Then one night, after putting down a particularly indigestible bit of beef and quaffing a mug of undistinguished ale (gun ownership was even changing my eating habits) and after barely falling into a troubled sleep, I was roused by a pale green light emanating from the imperfectly closed dresser drawer where I kept, or would keep, my putative gun. It was still in its putative box, waiting for the appearance of that Skittle-addicted, hoody-wearing intruder.
   
Whether this was a dream or not, I’m certain the gun spoke, if not in actual language, then in tone and attitude, in the very greenness of its weird light. It wanted me to know it wasn’t loaded. In a series of sleep-dazed movements I found the box of imaginary ammunition, stuffed some rounds into the gun’s magazine, and went back to bed, but the green light persisted. Apparently having a loaded weapon a few feet from my head wasn’t soporific. By morning I concluded that no matter how responsible I was being, I was totally inept, green as grass, and I would have to get better fast.
   
I would take a concealed carry class. Up to now I had been thinking mainly of protecting myself. I would tame my nervousness by carrying a gun everywhere and saving others. Of course my favorite coffee house doesn’t allow guns, but then that’s the point of concealed carry, isn’t it? No one would know. And when push came to shove and I put down some bad guys, I would be a hero.
   
At the same time, my actual attempt to arm myself was going nowhere. But then, as fate would have it, I came across an ad for a gun show at the Onalaska Omni Center the following weekend. I had been to a similar event a few years previously, where I had encountered a mild-looking bald guy running a Nazi paraphernalia booth. He had tons of the same swastikaed junk my father had stuffed into a desk drawer and forgot about after the war, but Dad never dreamed those relics would quickly be illegal in their native country while gaining value rapidly in ours.
   
The show turned out to exceed my expectations. For one thing, the turnout was awesome. Cars lined the road in front of the center as far as the eye could see. Inside, the crowd was made up of ordinary people in camouflage coats and baseball caps, quietly going about the business of buying armaments. Particularly interesting were the Gungoth girls, a bevy of young women with hair dyed jet black and wearing studded dog collar necklaces. Judging from their T-shirts, their attraction to guns was a piece with their interest in vampires and zombies. What I hadn’t expected was a small group of Amish men. Weren’t they pacifists?  Of course they were, but they were also deer hunters.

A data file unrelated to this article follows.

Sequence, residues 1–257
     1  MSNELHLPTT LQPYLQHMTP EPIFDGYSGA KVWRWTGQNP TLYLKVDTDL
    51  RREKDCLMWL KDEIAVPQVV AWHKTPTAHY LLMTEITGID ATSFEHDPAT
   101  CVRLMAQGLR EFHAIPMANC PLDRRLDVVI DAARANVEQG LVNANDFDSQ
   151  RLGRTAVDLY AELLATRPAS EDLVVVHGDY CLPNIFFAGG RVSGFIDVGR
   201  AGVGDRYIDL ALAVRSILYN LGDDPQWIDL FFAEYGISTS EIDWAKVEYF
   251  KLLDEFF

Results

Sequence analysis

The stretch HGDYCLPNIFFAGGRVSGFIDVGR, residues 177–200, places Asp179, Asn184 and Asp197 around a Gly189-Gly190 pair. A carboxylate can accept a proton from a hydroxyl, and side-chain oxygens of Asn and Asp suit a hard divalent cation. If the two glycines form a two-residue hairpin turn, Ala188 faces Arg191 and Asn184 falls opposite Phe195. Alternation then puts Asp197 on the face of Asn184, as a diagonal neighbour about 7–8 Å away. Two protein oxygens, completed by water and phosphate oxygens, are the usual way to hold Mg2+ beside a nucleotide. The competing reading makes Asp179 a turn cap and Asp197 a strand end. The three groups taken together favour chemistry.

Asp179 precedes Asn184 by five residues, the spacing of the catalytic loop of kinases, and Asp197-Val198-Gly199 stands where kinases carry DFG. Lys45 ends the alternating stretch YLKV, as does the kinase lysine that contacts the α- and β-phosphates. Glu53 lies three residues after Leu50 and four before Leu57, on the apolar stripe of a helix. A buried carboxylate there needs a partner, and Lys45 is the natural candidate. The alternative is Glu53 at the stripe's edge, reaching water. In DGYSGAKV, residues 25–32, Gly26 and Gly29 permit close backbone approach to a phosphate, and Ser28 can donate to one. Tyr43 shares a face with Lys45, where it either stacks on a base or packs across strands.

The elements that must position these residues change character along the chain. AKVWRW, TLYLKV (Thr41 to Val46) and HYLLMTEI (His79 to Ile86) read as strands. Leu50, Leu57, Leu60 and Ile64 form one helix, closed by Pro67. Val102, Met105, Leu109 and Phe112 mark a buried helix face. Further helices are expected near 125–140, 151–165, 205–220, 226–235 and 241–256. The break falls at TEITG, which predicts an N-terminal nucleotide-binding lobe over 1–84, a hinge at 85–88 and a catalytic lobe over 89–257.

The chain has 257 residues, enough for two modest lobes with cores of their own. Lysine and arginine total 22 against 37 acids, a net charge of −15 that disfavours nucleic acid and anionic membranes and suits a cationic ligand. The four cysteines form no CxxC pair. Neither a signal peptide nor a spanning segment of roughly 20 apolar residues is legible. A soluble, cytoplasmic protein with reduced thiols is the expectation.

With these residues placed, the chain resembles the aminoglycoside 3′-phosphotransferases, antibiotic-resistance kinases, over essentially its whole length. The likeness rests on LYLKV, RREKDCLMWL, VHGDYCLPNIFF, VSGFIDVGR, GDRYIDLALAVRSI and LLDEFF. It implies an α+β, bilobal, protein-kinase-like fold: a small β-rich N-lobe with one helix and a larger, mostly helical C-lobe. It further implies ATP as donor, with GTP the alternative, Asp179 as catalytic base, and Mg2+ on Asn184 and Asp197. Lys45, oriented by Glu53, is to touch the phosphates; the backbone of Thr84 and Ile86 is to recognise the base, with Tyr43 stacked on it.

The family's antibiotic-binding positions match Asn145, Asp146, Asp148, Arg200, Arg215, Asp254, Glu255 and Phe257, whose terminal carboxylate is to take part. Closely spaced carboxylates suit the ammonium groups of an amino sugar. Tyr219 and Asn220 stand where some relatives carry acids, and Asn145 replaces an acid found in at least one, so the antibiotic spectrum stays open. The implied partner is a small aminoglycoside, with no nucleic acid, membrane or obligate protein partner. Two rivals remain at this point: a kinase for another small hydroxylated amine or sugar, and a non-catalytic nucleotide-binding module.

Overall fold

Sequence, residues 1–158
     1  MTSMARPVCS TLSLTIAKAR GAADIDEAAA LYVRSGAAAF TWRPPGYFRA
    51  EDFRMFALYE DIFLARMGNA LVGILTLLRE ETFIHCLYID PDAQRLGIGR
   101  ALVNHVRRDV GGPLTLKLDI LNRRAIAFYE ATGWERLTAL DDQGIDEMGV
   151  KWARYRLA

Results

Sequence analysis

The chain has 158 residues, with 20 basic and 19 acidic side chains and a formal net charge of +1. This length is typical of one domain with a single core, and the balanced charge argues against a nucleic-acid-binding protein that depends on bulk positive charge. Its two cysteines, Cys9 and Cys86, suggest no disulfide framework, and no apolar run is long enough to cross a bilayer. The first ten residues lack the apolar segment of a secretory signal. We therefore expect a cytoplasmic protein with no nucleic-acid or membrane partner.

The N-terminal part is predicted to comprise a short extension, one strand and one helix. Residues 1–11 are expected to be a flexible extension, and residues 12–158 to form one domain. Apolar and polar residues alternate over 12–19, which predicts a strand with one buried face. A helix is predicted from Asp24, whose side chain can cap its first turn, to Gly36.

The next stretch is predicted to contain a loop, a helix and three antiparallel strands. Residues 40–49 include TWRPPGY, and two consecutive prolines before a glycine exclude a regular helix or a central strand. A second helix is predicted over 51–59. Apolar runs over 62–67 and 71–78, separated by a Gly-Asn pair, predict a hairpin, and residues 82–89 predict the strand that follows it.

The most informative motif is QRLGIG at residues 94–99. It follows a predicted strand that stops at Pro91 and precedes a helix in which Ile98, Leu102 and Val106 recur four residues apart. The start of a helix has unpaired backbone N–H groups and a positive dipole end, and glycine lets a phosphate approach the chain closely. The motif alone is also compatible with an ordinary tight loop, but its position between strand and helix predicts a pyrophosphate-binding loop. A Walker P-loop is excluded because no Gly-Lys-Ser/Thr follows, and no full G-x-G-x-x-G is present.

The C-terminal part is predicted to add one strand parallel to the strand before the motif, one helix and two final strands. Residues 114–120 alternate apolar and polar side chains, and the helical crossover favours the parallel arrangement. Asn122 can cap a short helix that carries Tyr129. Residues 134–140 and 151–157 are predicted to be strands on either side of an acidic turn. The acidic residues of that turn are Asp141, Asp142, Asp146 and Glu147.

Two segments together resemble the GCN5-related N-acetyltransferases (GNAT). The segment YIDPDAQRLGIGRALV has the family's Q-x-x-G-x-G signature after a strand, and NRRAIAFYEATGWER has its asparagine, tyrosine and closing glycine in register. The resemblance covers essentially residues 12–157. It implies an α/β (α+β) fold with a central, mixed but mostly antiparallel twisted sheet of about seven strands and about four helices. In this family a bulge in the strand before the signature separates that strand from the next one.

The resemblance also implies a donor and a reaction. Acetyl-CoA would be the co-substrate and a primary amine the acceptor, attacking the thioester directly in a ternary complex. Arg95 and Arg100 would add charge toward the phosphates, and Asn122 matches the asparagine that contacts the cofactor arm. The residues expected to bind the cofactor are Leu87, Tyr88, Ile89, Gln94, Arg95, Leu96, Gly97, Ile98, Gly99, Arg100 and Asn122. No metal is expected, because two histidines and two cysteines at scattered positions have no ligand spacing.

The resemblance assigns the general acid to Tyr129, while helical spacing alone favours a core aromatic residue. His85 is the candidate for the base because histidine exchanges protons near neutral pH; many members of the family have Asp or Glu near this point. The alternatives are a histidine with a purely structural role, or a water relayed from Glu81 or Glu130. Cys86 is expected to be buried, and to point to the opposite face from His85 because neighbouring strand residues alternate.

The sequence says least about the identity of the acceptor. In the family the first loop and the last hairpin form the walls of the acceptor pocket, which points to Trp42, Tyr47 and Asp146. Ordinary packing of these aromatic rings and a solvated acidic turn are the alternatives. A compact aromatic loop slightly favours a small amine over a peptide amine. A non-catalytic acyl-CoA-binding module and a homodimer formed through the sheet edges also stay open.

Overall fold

Then I spent 15 disappointing minutes searching for a usable handgun. There were a few B.B. and pellet pistols, and even a few ancient cap and ball dueling pistols. But that was it. The Nazi guy I had encountered in my earlier gun show experience wasn’t there either, although I did find a vendor who offered, in addition to a variety of rifles, photos of Hitler at $5 a crack. Another booth offered bumper stickers. One praised the president as the No. 1 gun salesman, while another showed Hilary Clinton and admonished us that since life is a bitch, we shouldn’t vote for one. I bought one of each. For friends.
   
I also picked up a brochure from a group called the Appleseed Project, claiming it wants to turn America back into a nation of riflemen. It will do this by training young boys and girls to defend America against its enemies, foreign and domestic. Just being in this atmosphere raised my spirits. Wayne La Pierre had explained that the 2nd Amendment didn’t just give us the right to bear arms, but to bear them against a tyrannical government, like the Obama administration, for example. No wonder assault rifles were selling like hotcakes. We might have to stand shoulder with those little Appleseeds to fight off a gun-grabbing national government. I felt sorry my father wasn’t around today, when he might have had the firepower to send those FBI guys packing.
   
Finally I got around to asking a vendor about the dearth of handguns. “Can’t get ‘em,” he explained. “Everyone’s sold out because folks are afraid of what kind of bans are going to be passed.” This was essentially the story I had heard about assault rifles. The administration’s ill-conceived plan to frighten people about guns was clearly backfiring. In spite of the vendor’s warning, I did find a seller with a supply of 50 or so handguns, but his prices were roughly the same as Gander Mountain’s. By the time you added in the cost of a concealed carry class, the price of security was climbing out of reach.
   
Liberals were making it difficult for people like me. Besides advocating restrictions designed to make us feel guilty, the administration was creating false scarcity, a phony gun shortage aimed directly at the middle class. I narrowed my options to three: 1) I could take out a loan; 2) I could get a copy of a gun registration record, have it laminated in some durable material, and display in on my front door. This would be like those townships that can’t afford radar but display the sign anyway. It’s pretty effective and much less costly; or 3) I could steal a weapon. I was definitely making progress sorting things out and I would keep trying. Wayne La Pierre would be proud of me.